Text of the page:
The family-run company of Myott, Son & Co. Limited produced earthenware from as early as 1898 and initially operated at the Alexander Pottery in Stoke on Trent in the Staffordshire Potteries. Brothers, Sydney and Ashley Myott were soon forced to expand as demand for their grew quickly, moving to the Brownfield's Works, Cobridge (just North of Stoke on Trent) and then in 1925 extending the operation to the neighbouring Upper Hanley Pottery.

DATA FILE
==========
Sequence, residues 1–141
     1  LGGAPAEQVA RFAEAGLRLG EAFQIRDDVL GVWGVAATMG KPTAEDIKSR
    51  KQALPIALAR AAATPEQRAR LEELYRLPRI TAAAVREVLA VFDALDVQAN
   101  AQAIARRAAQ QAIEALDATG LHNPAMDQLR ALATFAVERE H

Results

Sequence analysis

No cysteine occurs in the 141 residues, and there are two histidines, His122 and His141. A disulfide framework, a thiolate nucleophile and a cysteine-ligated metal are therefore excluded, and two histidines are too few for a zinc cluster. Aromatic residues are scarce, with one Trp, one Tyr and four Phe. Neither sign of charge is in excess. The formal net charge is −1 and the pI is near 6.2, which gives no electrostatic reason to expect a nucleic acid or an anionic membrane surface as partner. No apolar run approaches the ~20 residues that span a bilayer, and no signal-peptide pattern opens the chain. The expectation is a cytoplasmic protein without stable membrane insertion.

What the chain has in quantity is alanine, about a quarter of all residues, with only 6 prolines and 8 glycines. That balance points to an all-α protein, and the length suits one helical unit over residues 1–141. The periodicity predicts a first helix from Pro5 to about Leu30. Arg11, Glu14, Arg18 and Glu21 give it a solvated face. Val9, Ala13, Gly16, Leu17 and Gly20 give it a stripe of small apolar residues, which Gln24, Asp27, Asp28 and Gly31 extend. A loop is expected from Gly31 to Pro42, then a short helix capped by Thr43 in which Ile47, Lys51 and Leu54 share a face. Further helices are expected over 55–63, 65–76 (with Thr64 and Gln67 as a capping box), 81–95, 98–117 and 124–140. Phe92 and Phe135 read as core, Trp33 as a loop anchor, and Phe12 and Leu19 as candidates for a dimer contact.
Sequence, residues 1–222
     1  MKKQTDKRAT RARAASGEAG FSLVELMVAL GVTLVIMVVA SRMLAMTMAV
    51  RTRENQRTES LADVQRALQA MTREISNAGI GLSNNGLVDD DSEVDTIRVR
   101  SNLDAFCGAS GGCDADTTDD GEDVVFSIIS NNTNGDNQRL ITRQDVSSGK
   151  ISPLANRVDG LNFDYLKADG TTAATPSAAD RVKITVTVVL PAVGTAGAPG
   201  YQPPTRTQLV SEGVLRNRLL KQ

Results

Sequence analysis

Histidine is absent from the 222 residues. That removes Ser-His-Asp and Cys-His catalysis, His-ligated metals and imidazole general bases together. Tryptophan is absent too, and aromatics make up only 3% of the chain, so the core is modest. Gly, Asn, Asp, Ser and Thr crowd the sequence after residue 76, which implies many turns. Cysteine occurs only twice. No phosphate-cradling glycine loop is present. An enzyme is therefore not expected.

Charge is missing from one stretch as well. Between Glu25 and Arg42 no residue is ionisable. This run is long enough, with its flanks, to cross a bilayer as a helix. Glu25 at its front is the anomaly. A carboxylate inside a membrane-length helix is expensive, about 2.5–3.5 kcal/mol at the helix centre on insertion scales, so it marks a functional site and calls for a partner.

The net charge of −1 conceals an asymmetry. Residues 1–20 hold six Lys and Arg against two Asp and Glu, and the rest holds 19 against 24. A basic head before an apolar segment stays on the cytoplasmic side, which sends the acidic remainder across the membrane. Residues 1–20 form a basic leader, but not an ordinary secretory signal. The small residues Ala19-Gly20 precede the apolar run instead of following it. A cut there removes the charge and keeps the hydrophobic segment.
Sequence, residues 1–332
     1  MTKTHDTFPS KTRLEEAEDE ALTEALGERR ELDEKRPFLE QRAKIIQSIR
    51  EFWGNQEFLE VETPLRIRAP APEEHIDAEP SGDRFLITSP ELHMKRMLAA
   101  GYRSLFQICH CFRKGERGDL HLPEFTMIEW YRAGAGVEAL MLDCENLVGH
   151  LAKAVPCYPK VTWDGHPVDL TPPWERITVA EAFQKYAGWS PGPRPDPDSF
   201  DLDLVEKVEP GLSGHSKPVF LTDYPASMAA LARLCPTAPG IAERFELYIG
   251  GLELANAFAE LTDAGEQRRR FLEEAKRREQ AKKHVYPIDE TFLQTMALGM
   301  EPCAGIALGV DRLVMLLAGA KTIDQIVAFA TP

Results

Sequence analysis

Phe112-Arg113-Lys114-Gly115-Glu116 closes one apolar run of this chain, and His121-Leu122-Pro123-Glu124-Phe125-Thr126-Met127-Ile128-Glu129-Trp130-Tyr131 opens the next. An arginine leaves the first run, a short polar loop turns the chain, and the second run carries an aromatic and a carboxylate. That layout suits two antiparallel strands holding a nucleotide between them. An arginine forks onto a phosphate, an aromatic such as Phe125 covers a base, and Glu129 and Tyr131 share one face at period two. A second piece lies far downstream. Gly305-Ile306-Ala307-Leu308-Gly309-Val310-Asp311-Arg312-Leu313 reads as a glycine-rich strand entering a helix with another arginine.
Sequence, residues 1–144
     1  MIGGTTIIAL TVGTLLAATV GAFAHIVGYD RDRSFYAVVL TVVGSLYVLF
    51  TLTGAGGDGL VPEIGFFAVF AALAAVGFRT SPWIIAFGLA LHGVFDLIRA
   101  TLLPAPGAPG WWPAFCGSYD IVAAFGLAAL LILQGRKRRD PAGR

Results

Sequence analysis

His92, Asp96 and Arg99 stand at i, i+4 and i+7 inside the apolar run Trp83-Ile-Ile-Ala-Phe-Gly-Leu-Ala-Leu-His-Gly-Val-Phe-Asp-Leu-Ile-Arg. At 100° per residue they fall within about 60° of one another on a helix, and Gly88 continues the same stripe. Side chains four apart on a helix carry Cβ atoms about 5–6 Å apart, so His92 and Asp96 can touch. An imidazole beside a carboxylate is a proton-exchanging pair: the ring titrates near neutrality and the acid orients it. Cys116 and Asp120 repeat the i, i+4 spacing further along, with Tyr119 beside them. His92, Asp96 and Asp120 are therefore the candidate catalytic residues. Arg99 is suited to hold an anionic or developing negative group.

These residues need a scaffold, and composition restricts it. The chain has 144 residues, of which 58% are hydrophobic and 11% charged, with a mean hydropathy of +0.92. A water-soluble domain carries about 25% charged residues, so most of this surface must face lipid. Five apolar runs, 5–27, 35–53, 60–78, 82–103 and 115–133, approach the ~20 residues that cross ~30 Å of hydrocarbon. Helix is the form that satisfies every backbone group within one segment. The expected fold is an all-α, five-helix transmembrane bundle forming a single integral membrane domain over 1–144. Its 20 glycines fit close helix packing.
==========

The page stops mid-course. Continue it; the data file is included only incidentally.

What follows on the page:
Probably as a response to competitor output the company started to produce hand painted Art Deco wares, exemplified by their broad ranges of jugs, vases, wall pockets and decorative table wares. Production must have been extensive judging by the sheer volume of such pieces surviving today. These items are highly collectable and sought after with bright geometric examples (such as the fan and pyramid vases) being most in demand. A limited 'Deco inspired' colour palette was adopted with dominant colours being orange and brown, though tasteful pastels were also used. In the nineteen thirties there were a number of collaborations, including that with British American Glass (B.A.G Co. Ltd.) and also Goldscheider (an Austrian wall mask and figure producer). Art Deco pieces of the period display the well known gold Myott crown mark on the underside, on a typical honey-glazed ceramic of the period. White utilitarian ware was commissioned by the Cunard shipping line with the manufacture of patent 'cube' tea sets.